March 25, 2009

First Impressions #2 - Answer

Mystery Guest #2 is Edouard Manet 1832-1883. Not my mail-man Jim.

Although Manet never adopted the term Impressionist for himself, he got the whole Impressionism movement rolling. Manet introduced a new era of modern, urban, everyday subject matter which was a real revolution against the sensibilities of 19th Century Paris. Manet was so strikingly different from other painters of his time, and his art so iconoclastic, that guards had to protect his paintings from onlookers and critics. Manet was intensely ridiculed.

The 1863 the Paris Salon rejected Manet's large painting Le Dejeuner Sur l'Herbe, and Manet elected to have it shown at the Salon des Refusés, which had been created from the exceptionally large number of painters whose work had been turned away from the established Salon.

When Olympia was presented at the Paris Salon of 1865, Manet's painting attracted the most attention and created a kind of abusive criticism which was to set a pattern for years to come.

One gallery attendee stated,

"a wretched model picked up from heaven knows where"

Another declared,

"a sort of female gorilla"
Such rejection might have prompted Manet to say,
"The attacks of which I have been the object have broken the spring of life in me... People don't realize what it feels like to be constantly insulted”
Manet was short, handsome (according to my mother), always fashionably dressed and witty. Manet’s biographers stress his kindness and generosity towards his colleagues. One story illustrates Manet's delightful wit. When a pleased collector paid an additional 200 francs for his Bunch of Asparagus, Manet painted a single asparagus spear, and sent it along with a note that read: "There was one missing from your bunch."

Today, I’ll hazard a guess, and say that most people could name or identify at least one work by Edouard Manet, be it: Le Dejeuner sur l'Herbe; A Bar at the Folies Bergere, Olympia, the Fifer, or his portrait of Zola. I have an interesting story about the Fifer, but that will have to wait for another day.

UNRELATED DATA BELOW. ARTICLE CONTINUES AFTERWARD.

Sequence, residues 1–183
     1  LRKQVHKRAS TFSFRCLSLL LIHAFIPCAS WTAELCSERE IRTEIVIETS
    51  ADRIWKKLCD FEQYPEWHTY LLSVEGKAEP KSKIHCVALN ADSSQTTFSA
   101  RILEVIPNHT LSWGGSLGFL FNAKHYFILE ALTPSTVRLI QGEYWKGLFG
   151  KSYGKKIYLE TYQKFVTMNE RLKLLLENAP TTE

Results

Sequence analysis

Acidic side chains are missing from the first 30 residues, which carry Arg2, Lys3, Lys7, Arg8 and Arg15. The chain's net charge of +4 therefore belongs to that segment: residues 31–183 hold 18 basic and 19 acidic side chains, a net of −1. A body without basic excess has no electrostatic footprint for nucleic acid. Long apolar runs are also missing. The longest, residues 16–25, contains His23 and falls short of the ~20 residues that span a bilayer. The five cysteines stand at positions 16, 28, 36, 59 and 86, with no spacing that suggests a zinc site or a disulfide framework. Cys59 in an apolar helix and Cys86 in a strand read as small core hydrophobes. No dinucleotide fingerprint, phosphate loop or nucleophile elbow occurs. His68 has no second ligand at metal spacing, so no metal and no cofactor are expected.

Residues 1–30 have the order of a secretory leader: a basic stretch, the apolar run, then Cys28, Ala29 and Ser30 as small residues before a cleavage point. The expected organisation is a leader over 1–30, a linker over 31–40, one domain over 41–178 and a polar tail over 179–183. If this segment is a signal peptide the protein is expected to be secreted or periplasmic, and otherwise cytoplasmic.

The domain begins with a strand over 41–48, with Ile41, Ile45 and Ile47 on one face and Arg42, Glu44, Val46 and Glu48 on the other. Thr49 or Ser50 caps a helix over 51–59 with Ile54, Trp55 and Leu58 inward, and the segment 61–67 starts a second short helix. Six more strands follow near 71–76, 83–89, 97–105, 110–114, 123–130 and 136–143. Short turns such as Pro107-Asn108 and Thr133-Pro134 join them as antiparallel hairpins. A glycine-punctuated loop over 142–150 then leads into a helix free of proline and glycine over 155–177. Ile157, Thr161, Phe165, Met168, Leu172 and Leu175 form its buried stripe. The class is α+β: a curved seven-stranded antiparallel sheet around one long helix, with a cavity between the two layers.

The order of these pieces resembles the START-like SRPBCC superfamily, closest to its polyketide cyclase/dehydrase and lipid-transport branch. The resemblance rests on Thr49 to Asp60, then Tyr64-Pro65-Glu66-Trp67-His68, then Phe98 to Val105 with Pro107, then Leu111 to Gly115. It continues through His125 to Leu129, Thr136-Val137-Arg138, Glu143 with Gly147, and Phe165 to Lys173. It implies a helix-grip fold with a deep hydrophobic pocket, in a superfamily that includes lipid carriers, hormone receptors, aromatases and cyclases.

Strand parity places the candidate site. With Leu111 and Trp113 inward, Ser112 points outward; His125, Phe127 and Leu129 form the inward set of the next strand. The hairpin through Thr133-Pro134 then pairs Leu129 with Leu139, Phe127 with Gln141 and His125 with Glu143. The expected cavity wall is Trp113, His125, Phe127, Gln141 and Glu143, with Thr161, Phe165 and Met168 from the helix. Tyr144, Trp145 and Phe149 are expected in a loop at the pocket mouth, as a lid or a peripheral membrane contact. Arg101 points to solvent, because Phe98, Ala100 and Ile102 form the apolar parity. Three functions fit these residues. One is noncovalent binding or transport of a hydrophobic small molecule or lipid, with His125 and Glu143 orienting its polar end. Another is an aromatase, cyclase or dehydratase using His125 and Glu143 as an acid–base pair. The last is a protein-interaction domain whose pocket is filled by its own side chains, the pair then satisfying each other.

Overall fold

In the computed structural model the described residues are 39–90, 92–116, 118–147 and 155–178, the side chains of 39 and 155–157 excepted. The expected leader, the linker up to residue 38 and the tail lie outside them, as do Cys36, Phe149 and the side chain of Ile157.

Two great books I’ve read that detail Manet’s trials and tribulations at the Paris Salon are Ross King’s,
The Judgment of Paris: The Revolutionary Decade That Gave the World Impressionism, published by Walker & Company, 2006 and Olympia: Paris in the Age of Manet by Otto Friedrich, Touchstone, 1993.

1st image of Manet by Fantin-Latour
2nd image of Manet by Degas


Ima Wizer said...

Wonderful! Thank you!! I love these art history lessons!

giulia said...

Thank you, Hazel. Once again, I was wrong. Once again, illuminating & inspiring post. Last evening I was flipping through two vintage photography books & saw that a few pix were quite obviously based on both Olympia & about interconnectedness (previous post).

Back later to further investigate links. Thanks for your comments. I agree about the ruffly ranunculous & Tintin:)

xo, svs

Beth Ahrens-Kley said...

A lovely presentation, if I could put a flower (to send you) here I would!

willow said...

Aak!! I was wrong! I could have sworn he was Klimt. I need to brush up on my art history!

This is so much fun, Hazel. :^)

The Clever Pup said...

Hey Willow, Klimt is just a little bit crazier looking. A picture can be seen at the link below.

"Blog Artists" said...

They all looked the same back then...thanks for the History lesson...I love these quizzes!

Penney said...

the bar painting is a favorite of mine..thank you!
Just Penneys

Poetikat said...

That's where the quote led me.